Sustained remittance levels despite the circumstances are not isolated to the Philippines, as the World Bank reports that low and middle-income countries received a combined USD $540 billion in 2020, only $8 billion less than the year prior. BSP’s recently reported 4.9 % increase in year-on-year cash remittances, amounting to USD $2.51 billion, is a telling feat that could perhaps be supported by the trend toward digitization. The development of new technological infrastructures in the realm of digital financing, including new remittance frameworks, are aimed at improving activity in remittance corridors. The emergence of international money transfer services eliminates the reliance on traditional banking schemes and cash payments, providing convenience in a time of turmoil. The institutionalization of remittances as a primary method of inflows is also demonstrated through state actions, with the government deeming remittance service providers as essential services, thus allowing them to operate throughout lockdowns. Further, BSP coordinated with remittance service providers to temporarily waive remittance fees in light of the global crisis.
Remittance-dependent economies, such as the Philippines, are reliant on the monumental role of the OFW in fulfilling inflows. Simultaneously, OFW’s are reliant on their host countries, presenting critical space for the latter to assert its role in facilitating global remittances. In 2014, Canada commissioned an external assessment of its remittance market, which determined that most remittance services in Canada opt for the more expensive option of cash-to-cash transactions for the convenience of their end users. It also noted the relatively low regulations imposed to service providers within the remittance landscape. To demonstrate its commitment to a better remittance framework, Canada, together with the G20, and through the Global Plan for Financial Inclusion, has committed to the continued evaluation and monitoring of National Remittance Plans, as well as the reduction of remittance costs.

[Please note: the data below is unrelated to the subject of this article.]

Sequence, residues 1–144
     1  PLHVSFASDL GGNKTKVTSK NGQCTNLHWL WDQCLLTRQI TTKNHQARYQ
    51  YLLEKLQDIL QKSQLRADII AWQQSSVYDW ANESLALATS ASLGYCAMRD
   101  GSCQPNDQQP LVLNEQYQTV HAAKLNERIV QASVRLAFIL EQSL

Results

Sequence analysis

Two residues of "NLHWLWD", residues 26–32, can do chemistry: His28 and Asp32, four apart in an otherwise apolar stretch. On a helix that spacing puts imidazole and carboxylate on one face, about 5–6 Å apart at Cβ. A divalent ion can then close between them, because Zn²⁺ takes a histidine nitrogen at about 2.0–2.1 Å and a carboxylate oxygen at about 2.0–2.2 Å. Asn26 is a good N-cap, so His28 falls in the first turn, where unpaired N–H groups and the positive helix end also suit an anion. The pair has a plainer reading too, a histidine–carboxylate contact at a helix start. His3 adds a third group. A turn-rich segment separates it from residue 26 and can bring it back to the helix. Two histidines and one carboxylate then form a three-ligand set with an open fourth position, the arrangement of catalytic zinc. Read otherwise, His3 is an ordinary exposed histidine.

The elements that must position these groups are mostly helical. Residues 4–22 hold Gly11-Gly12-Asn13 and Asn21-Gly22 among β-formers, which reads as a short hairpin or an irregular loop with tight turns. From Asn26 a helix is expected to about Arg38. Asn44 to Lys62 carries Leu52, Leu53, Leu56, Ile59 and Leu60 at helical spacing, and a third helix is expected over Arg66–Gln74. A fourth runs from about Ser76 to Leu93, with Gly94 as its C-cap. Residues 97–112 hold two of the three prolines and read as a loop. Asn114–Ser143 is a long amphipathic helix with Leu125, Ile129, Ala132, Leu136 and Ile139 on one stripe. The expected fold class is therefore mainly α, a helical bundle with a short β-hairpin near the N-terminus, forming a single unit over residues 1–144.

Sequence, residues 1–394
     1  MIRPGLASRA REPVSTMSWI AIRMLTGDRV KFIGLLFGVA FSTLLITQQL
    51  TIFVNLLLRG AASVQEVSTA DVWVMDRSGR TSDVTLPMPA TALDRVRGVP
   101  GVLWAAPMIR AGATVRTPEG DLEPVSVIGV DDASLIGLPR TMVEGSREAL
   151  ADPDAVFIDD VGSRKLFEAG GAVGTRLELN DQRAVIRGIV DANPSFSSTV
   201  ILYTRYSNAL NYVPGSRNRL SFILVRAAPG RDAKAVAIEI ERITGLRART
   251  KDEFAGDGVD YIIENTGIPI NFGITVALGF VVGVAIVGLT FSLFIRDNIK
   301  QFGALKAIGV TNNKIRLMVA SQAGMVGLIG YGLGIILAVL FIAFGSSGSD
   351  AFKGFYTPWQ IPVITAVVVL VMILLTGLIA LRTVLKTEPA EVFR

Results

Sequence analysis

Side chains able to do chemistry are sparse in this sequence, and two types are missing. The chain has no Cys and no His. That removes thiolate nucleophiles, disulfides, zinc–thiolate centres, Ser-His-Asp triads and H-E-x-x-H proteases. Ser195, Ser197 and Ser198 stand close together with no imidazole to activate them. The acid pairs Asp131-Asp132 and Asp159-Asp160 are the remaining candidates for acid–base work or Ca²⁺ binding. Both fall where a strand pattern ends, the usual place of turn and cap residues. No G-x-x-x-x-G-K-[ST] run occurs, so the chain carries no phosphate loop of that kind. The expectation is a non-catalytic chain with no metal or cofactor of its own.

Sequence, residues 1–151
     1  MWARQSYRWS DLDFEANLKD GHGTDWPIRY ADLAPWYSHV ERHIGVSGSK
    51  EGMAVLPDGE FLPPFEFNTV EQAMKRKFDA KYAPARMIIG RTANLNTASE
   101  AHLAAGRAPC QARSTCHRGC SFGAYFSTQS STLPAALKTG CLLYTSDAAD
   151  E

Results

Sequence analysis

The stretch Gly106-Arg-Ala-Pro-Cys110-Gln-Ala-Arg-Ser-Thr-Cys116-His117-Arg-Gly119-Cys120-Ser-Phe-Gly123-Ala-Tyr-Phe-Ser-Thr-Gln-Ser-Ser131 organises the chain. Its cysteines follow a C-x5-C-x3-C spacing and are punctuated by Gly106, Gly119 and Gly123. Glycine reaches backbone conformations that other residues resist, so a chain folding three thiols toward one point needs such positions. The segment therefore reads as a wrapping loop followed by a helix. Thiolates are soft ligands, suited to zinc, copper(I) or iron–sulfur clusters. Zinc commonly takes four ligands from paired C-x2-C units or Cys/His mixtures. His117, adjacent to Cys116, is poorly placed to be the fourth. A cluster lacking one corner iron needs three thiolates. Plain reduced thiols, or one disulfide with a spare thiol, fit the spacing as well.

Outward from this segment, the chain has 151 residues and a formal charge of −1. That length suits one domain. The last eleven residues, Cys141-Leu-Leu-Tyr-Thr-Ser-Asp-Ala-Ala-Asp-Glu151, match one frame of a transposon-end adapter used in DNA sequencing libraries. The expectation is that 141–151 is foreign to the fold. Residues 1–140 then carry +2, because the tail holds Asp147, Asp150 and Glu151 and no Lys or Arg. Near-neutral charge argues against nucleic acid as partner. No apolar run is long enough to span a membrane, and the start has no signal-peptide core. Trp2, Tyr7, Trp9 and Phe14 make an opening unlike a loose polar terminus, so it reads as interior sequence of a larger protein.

Secretary Nicolas notes that 2024 marks the 50th year of the Philippine labour export program as institutionalized by the 1974 Labour Code. While a deceleration in labour exports may not yet be witnessed in the coming years, Filipinos aspire for a Philippines that is able to provide sustained employment and fair living wages. Cognisant of the upcoming 2022 presidential elections, she notes the pivotal role that can be assumed by succeeding governments in spurring economic growth to support its citizens, including the development of neglected sectors such as agriculture and health care. Afterall, the labour export policy was only meant to be a temporary solution. In this way, migration becomes a genuine choice instead of a necessity.
Petruska Soriano is an MA candidate at the Norman Paterson School of International Affairs, pursuing a field concentration in international organizations and global public policy with a specialization in data science. She obtained her BA (Hons.) in International Relations and Political Science from the University of Calgary. Her research interests include international organizations, diaspora politics, fragile states, and strategic studies. She currently works as a Global Partnerships Intern for the University of Calgary.